COVID-19 was already circulating in Italy in December 2019, reveals sewage study
Scientists in Italy have found traces of COVID-19 in wastewater collected from Milan and Turin in December 2019.
A new study has revealed that the novel coronavirus was already circulating in northern Italy before China reported the first cases as scientists in Italy have found traces of COVID-19 in wastewater collected from Milan and Turin in December 2019.
The Italian National Institute of Health looked at 40 sewage samples collected from wastewater treatment plants in northern Italy between October 2019 and February 2020. An analysis released late on Thursday said samples taken in Milan and Turin on December 18 showed the presence of the SARS-Cov-2 virus, over two months before the first case was detected.
Italy has reported more than 2,38,000 cases, with over 34,500 deaths.
"This research may help us understand the beginning of virus circulation in Italy," Giuseppina La Rosa, an expert in environmental wastewater at the Italian National Institute of Health who co-led the research, said in a statement detailing the findings.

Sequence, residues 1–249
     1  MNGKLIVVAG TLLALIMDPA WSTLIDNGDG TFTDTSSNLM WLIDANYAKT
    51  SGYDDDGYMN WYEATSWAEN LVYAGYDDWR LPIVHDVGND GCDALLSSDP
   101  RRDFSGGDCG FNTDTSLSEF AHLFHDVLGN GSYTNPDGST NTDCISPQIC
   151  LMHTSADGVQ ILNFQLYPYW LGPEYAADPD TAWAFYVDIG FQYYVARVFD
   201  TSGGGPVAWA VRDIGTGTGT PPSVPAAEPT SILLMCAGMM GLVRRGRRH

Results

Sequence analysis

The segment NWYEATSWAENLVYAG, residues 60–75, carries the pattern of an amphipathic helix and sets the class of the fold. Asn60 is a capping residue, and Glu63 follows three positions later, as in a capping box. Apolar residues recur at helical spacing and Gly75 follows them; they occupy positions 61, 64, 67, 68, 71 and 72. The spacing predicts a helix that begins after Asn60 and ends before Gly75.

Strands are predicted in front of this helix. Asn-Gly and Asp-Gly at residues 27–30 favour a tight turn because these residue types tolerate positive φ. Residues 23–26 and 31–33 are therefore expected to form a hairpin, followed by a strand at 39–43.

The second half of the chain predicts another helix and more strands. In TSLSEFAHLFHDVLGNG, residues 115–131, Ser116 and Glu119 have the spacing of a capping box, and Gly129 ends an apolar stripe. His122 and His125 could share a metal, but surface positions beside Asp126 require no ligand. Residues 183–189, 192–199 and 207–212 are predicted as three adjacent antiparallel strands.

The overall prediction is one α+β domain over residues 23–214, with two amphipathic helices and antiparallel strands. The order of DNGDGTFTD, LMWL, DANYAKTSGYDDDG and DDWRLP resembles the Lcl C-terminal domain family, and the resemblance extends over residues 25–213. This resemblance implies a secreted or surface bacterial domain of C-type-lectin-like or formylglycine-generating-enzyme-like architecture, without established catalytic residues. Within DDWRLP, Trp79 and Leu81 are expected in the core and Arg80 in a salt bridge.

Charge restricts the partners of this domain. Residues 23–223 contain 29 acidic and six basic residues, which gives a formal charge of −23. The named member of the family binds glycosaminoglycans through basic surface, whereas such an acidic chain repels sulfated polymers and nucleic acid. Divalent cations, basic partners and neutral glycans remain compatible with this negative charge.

Italy's first known native case was discovered mid-February.
Small studies conducted by scientific teams in the Netherlands, France, Australia and elsewhere have found signs that the virus that causes COVID-19 can be detected in sewage, and many countries are beginning to use wastewater sampling to track the spread of the disease, Reuters reported.
La Rosa said the detection of traces of the virus before the end of 2019 was consistent with evidence emerging in other countries that COVID-19 may have been circulating before China reported the first cases of a new disease on December 31.
A study in May by French scientists found that a man was infected with COVID-19 as early as December 27, nearly a month before France confirmed its first cases.
La Rosa said the presence of the virus in the Italian waste samples did not "automatically imply that the main transmission chains that led to the development of the epidemic in our country originated from these very first cases".
Samples positive for traces of the virus that causes COVID-19 were also found in sewage from Bologna, Milan and Turin in January and February 2020. Samples taken in October and November 2019 tested negative.
The institute said it plans to launch a pilot study in July to monitor wastewater at sites identified in tourist resorts.
More than 8.4 million cases of the novel coronavirus have been confirmed worldwide, including at least 453,000 deaths, according to a Johns Hopkins University tally.